Union workers strike at school for students with autism
Providence Journal - 8/17/2018
Aug. 17--PROVIDENCE, R.I. -- Union workers at the Groden Center, which serves students with autism and related conditions at day schools in Providence and Coventry, are on strike Friday.
The strike by members of 1199 SEIU, the Service Employees Union International, New England, was set to last for one day. Parent company the Groden Network said the strike was taking place at the Groden Center's two day schools, on Mount Hope Avenue in Providence and in Coventry. Classes were canceled for the day, the Groden Network said. Its residential programs are not affected, the network said.
The union says that management has refused to raise the starting rate for staffers to a living wage. The impasse has caused high turnover, unfilled classrooms and injuries to staff and students, the union argues.
About 50 employees marched on the picket line Friday morning as a loudspeaker blared songs from the Rolling Stones.
Mary-Murphy Walsh, a union organizer, said the labor dispute wasn't only about earning more money. She said a reliance on outside staff, provided by a subcontractor, has posed safety issues for both staff and students. Children with autism, she said, need stability and continuity to feel safe. When there is a rotating number of new adults, she said, students are more likely to act out.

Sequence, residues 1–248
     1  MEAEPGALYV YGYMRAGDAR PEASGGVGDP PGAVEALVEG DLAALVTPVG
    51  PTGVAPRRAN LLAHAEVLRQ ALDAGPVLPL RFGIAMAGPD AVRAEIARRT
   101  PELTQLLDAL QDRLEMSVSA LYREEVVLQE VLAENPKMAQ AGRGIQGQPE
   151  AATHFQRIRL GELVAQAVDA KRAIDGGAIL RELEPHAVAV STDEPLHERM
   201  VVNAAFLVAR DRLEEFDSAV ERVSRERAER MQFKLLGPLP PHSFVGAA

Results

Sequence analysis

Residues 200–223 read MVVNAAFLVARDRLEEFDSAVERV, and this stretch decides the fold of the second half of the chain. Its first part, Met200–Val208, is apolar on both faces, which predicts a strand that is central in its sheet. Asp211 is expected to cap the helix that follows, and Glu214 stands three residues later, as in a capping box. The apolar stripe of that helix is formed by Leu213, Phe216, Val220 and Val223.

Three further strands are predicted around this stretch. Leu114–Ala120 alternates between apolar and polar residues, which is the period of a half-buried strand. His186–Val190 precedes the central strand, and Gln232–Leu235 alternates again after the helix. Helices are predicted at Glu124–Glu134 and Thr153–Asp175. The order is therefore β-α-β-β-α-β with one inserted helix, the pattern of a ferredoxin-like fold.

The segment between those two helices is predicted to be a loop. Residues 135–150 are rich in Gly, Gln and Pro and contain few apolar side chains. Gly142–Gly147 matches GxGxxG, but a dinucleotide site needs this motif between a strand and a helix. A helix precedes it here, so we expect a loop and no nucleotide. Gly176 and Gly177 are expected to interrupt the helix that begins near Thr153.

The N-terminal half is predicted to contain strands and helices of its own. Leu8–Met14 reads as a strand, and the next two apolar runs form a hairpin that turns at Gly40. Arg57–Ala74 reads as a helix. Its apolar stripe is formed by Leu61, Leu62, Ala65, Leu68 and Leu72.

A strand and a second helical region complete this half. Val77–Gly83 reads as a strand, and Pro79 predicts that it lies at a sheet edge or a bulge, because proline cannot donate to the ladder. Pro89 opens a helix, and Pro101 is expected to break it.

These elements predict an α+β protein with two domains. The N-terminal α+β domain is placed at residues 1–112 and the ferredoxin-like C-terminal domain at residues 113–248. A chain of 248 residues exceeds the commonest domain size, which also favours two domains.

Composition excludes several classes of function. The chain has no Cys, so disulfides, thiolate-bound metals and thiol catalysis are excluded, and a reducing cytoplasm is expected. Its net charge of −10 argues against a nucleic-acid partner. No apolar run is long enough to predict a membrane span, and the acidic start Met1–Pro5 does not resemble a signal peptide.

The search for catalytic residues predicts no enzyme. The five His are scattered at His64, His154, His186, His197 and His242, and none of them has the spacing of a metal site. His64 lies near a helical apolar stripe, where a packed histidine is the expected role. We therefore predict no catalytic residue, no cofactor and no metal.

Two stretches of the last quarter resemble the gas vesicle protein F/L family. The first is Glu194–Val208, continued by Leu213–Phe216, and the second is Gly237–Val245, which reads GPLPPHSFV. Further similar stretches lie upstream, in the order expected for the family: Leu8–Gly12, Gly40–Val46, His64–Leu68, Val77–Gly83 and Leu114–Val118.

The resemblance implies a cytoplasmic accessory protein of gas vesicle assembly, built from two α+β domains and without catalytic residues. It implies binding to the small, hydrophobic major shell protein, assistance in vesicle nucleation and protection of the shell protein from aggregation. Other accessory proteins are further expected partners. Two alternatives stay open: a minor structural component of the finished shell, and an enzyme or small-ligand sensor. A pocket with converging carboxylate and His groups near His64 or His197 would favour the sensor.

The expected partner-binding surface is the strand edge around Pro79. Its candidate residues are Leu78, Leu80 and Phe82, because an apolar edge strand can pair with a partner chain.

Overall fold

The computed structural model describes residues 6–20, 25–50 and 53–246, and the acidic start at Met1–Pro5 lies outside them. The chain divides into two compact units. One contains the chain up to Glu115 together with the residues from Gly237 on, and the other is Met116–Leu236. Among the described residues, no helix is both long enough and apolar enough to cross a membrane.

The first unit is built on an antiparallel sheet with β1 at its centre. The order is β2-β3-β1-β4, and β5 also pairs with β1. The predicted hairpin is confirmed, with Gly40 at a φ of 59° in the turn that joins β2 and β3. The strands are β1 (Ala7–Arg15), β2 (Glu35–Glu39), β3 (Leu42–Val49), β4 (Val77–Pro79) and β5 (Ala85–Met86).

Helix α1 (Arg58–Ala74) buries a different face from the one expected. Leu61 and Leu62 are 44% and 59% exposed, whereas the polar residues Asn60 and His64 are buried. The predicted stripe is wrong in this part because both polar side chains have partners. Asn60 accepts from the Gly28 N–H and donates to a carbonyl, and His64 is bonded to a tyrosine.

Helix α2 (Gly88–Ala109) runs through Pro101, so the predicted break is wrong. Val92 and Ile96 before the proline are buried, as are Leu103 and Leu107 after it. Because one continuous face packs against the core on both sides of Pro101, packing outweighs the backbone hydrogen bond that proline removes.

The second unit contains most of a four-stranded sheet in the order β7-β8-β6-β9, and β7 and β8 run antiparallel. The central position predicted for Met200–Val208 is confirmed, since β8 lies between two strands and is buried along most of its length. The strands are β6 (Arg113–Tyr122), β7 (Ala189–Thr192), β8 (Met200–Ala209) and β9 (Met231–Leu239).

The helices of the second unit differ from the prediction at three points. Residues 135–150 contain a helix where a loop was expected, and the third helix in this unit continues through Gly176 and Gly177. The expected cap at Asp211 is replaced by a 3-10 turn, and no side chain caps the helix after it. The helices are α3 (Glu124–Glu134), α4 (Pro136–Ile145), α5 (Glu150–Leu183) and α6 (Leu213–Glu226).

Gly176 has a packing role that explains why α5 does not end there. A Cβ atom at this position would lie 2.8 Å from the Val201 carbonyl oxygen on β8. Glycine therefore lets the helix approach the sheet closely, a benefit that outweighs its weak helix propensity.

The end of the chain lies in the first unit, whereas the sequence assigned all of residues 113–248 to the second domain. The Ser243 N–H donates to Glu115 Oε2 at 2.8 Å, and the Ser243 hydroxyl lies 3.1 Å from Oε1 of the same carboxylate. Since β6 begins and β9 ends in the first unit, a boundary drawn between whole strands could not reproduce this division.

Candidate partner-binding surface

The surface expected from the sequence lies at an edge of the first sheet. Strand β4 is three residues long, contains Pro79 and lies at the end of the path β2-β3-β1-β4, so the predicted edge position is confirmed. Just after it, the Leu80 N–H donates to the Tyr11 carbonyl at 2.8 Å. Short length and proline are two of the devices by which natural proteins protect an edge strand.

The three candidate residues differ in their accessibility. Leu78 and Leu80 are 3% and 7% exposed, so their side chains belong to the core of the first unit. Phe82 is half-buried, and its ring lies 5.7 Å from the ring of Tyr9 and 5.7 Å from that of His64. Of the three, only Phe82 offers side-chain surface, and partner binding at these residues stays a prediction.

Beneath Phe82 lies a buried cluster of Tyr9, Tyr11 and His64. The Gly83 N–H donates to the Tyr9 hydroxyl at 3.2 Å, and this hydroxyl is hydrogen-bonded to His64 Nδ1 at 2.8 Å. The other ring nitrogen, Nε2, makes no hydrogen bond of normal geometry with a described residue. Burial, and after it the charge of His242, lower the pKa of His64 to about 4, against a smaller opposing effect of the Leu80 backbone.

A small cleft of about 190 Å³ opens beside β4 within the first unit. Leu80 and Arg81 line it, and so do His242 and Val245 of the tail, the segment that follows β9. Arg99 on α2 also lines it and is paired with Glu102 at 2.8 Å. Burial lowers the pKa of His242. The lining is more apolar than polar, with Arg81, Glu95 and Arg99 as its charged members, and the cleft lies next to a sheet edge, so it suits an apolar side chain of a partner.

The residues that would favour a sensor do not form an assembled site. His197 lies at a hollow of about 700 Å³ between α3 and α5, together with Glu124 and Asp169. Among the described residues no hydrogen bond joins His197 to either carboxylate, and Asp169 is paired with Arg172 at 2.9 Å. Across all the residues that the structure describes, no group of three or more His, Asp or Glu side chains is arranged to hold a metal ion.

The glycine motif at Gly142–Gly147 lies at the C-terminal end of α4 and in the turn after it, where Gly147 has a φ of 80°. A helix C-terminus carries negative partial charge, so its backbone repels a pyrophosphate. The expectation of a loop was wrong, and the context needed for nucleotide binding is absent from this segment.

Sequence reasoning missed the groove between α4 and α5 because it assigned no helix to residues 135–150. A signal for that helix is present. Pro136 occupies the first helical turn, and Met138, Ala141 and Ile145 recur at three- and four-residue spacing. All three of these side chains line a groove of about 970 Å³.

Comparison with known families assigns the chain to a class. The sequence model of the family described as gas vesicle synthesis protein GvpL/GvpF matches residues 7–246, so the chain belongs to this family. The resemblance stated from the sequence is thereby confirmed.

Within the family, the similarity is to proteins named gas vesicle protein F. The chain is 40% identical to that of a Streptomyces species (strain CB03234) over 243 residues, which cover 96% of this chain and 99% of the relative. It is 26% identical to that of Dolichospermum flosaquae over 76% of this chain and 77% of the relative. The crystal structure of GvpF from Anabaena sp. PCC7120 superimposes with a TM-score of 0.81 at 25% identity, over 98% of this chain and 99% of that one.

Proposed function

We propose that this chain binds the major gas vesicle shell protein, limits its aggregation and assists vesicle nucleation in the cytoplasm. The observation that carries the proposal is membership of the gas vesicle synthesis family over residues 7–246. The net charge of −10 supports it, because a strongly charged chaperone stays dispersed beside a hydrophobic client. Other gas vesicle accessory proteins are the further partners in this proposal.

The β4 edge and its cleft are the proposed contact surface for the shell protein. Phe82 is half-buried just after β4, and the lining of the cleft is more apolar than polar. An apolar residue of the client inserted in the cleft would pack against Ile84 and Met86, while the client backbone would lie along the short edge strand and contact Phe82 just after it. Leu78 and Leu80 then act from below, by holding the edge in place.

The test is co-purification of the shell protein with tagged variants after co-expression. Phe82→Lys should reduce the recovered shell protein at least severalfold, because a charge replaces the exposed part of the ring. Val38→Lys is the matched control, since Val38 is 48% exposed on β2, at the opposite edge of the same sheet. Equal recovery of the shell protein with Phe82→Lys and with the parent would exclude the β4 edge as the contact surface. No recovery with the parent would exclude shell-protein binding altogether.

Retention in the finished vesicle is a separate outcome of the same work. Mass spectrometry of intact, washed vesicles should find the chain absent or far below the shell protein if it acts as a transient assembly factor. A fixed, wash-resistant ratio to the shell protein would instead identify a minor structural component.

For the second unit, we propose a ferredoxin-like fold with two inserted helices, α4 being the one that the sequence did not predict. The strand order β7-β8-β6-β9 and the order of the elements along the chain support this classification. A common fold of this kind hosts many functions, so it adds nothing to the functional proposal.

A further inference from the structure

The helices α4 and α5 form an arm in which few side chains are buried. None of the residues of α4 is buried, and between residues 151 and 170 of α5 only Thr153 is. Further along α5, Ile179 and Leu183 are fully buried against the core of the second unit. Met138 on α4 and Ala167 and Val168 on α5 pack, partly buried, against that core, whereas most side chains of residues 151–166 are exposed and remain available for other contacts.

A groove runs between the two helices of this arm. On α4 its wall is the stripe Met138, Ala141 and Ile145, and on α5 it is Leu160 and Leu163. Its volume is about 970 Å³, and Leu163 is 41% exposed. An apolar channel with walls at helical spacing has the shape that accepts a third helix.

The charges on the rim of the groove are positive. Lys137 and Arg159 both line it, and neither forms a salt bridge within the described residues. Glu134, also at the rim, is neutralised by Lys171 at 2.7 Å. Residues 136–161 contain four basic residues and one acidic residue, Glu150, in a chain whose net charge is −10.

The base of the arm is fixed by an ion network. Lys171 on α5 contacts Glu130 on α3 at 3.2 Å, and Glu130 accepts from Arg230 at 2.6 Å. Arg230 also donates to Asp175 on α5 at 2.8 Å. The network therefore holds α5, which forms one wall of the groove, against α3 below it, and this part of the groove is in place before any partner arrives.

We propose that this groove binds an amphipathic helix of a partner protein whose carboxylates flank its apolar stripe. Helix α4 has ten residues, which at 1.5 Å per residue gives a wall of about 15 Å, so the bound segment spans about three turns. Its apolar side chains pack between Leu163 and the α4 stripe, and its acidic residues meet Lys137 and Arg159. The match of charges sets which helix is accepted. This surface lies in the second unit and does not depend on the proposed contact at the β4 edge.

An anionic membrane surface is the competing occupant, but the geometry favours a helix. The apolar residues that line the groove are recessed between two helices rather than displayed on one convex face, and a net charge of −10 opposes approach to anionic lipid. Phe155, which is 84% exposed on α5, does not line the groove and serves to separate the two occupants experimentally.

"They rely on temporary workers whose unfamiliar faces is a real problem for kids with autism," Walsh said. We feel the only way to retain staff is to raise the starting salary to $15 an hour."
Walsh said the center is forced to hire outside employees because of the salaries, which start at $11.70 an hour.
But Catherine Nassa, Groden's director of marketing and development, said the average salary for teaching assistants is $12.91 with employees earning as much as $23 an hour. She also said that these employees receive an average of eight weeks off a year.
Nassa said the center provided the union with data regarding temporary staff coverage of direct support shifts over a recent 12-month period. She said temporary staff made up 17 percent of the center's total direct care at the Providence site and 13 percent at its Coventry school. The average of both locations was 15.5 percent, she said.
A fact sheet from the center said that almost half of its SEIU workers have been there five or more years.
Nassa also denied that Groden was putting staff or children at risk: "We have had zero safety violations by any accrediting agency in 20 years."
She said she believed that agency would be the Rhode Island Department of Education.
Nassa declined to provide the salary of contracted employees. She said her agency plans to appeal a ruling by the National Labor Relations Board telling Groden to release that information to the union.
The union's contract expired June 30. Both sides are still negotiating.
The Groden Network, meanwhile, says it regrets any inconvenience the strike may cause.
"We are working with public safety officials to ensure the safety of our staff and peace within our communities," a representative said in an email.
About 63 of 650 employees at the Groden Network are SEIU members, according to Groden. Most are direct support professionals, Groden says.
(c)2018 The Providence Journal (Providence, R.I.)
Visit The Providence Journal (Providence, R.I.) at www.projo.com
Distributed by Tribune Content Agency, LLC.